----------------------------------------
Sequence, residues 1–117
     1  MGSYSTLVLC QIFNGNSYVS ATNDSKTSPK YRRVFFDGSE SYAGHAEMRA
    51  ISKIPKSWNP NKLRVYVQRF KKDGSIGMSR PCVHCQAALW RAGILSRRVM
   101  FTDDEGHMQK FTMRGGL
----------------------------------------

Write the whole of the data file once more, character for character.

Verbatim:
Sequence, residues 1–117
     1  MGSYSTLVLC QIFNGNSYVS ATNDSKTSPK YRRVFFDGSE SYAGHAEMRA
    51  ISKIPKSWNP NKLRVYVQRF KKDGSIGMSR PCVHCQAALW RAGILSRRVM
   101  FTDDEGHMQK FTMRGGL